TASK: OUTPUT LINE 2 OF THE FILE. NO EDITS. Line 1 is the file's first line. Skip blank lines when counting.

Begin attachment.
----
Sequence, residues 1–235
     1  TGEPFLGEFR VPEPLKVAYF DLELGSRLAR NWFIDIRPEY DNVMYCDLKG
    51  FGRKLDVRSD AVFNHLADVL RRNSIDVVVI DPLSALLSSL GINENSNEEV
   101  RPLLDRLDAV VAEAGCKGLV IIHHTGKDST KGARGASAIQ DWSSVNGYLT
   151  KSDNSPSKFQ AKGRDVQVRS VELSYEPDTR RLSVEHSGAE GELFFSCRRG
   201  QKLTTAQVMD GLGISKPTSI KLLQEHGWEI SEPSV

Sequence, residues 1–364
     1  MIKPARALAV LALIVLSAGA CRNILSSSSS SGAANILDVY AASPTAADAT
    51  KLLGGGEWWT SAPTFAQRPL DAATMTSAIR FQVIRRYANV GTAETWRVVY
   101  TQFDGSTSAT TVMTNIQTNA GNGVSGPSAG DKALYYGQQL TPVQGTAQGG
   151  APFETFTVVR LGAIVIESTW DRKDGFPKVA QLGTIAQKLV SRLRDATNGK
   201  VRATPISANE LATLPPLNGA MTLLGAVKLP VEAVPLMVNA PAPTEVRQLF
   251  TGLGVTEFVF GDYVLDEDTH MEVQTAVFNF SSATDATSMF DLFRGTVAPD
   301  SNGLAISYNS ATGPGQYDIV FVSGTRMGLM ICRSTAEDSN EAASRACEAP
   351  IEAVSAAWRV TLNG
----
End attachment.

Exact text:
     1  TGEPFLGEFR VPEPLKVAYF DLELGSRLAR NWFIDIRPEY DNVMYCDLKG